Big Data is a term related to big size of the data both in terms of exponential growth and availability. Apart from the size, the other important aspect of Big Data is the lack of structure and its non-availability in traditional formats.
Due to large volumes and a lack of structure, there are challenges which the current organisations face in terms of imposing structure on Big Data and then converting it into relevant insights, innovation to be of any business value. Conventional terminology used to describe and analyse data has evolved from Decision & Executive Support to Business Intelligence and Analytics to Big data today.
Big Data is in great demand today. Organisations that have a direct interface with customers related to consumer products, or service companies like Insurance, online, travel, etc., have proven results in using Big Data for cost reduction, better time management in business processes for greater efficiency, new product and service offerings etc.
Currently, sectors such as Finance and Banking, Telecom, Modern Retail Formats have started to use large amounts of Big Data available in a more organised way.
Innovative organisations are using Big Data for mitigating operational business problems, competition intelligence & tracking, improving customer services, especially in manufacturing set ups et al.
It is also used for developing insights into consumer trends for effectively engaging the customer and improving their overall experience with the product/service across major customer touch points effectively. Due to large seamless potential and a credible track record in improving overall business efficiency,
Big Data will be in greater demand in the coming years across many more sectors.
Organisations are realising the importance of Big Data and are getting ready for adoption. First of all they are defining what aspect of it makes sense to apply to the business and then finding most reasonable and economical ways to do so.
Most of the large consumer organisations already have large, unused and unstructured consumer information on various aspects via existing business processes.
These organisations have sensed the need for new organisational structure to accommodate Big Data, realising that the data, technology and people are all somewhat different than the traditional analytics, which was a pure IT function. Organisations are seamlessly integrating Big Data in marketing, sales, supply chain and other critical functions via its technologies such as Hadoop, Map reduce, Visual Analytics, In Memeory Analytics, etc. for achieving their business and marketing objectives.
Big Data and the Retail Industry
For consumer and retail organisations, which have a direct interface with consumers, Big Data Analytics can go a long way in revamping the sales and marketing functions.
Using advanced data analytics, organisations have a better clarity on how individual marketing functions and various trade channels have contributed to the overall revenue. The marketers, as a result, are more informed on ROI for marketing spends across various channels, including retail.
Customer and business Insights has become an important tool in marketing, and organisations are seeking customer opinion via frequent interactions for pre- and post-marketing activities of all kinds.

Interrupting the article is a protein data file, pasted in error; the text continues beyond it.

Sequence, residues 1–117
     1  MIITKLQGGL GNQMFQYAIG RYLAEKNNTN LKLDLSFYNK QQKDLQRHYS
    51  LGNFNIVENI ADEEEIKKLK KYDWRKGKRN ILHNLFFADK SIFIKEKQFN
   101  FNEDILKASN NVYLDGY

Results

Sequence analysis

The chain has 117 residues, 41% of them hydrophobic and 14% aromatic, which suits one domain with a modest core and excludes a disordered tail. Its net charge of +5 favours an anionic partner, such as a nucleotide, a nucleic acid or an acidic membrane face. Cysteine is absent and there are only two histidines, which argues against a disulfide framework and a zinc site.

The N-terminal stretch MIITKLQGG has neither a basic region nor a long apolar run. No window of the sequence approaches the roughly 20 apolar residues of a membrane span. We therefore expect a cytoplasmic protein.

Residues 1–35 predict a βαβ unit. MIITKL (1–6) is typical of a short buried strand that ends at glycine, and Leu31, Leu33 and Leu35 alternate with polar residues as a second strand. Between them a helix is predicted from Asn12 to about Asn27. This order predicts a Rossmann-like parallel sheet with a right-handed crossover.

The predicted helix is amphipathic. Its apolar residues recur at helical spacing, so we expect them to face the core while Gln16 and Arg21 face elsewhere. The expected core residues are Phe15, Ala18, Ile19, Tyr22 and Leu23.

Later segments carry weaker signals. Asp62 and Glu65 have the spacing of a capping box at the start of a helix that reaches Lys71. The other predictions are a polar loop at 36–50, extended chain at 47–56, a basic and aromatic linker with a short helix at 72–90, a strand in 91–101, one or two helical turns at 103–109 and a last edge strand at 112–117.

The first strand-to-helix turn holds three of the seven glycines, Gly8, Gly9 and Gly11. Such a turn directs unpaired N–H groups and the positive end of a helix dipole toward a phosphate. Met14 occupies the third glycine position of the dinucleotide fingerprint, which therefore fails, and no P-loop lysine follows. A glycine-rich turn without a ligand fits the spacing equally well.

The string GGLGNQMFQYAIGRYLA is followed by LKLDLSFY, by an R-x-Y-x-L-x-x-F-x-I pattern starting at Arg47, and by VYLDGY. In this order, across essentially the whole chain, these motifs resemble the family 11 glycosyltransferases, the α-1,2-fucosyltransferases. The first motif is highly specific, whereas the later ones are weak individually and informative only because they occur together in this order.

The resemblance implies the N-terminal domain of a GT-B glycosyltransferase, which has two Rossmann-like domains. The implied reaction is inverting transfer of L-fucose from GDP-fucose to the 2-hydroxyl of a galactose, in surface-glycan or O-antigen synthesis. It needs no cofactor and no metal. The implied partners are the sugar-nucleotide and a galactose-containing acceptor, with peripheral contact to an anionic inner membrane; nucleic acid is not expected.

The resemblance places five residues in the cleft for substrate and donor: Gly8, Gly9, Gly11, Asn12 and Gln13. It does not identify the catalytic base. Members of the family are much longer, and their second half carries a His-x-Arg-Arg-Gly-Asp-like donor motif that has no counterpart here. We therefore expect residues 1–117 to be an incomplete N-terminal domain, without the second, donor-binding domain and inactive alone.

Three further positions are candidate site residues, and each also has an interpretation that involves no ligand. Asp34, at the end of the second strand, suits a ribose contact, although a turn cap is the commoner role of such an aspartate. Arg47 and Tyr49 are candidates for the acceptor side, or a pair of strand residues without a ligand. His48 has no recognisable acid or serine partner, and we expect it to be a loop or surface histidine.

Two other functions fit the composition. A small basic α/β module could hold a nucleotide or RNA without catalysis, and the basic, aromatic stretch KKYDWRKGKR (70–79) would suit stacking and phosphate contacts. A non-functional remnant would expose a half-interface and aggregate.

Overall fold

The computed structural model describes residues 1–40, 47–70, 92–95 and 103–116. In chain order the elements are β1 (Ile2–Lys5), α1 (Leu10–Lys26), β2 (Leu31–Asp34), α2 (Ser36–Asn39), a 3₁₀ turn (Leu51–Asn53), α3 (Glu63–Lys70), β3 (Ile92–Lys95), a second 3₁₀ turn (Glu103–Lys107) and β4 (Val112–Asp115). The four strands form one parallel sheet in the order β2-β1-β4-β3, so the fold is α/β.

Organisations can collect meaningful data about the purchase/loyalty behaviour of customers to manage the overall marketing function better. Video analytics, too, is an important tool in this regard.
The Retail industry should manage and leverage huge amounts of data from sources such as CRM, Web Analytics, Search Marketing , Mobile Apps, Social Media etc. to have a differentiating edge in terms of customer preferences, new product development and management of market share.
Something’s Got to Give
Big Data implementation comes with its own set of challenges. Advanced IT architecture and technology implementation comes at a certain cost. Big Data implementation requires a different way of orientation and culture within the organisation. Real time data management is very different from traditional analytics, both in terms of data management and swift actions required to actually improve the business processes.
In addition, as per experts there is a shortage of data scientists in India, both in the private as well as the Government sector, particularly in areas such as Agricultural and Clinical research.
Big Data Analytics require a special expertise other than the conventional information management and analytics. Some of the new technology trends like Computing Everywhere, Internet of Things, Cloud Computing and Real time data analytical tools such as Storm, Gridgrain, Space Curve etc. are likely to have significant impact on organisations in the coming years.
Lastly, it would be difficult to say that the entire business landscape will change with the coming of Big Data and Analytics, but one cannot ignore its potential. Large organisations have already started working on the Big Data lessons from large online firms and Big Data start-ups which originated the idea of data products.
Big Data Analytics is here to stay with high potential coming in from sectors such as Telecom, Retail, B2B, Healthcare etc. that have traditionally been goldmines of consumer and business data to shape and transform their strategy.
Article by: Joginder Chhabra Head, Market Research and Consumer Insights LG Electronics, India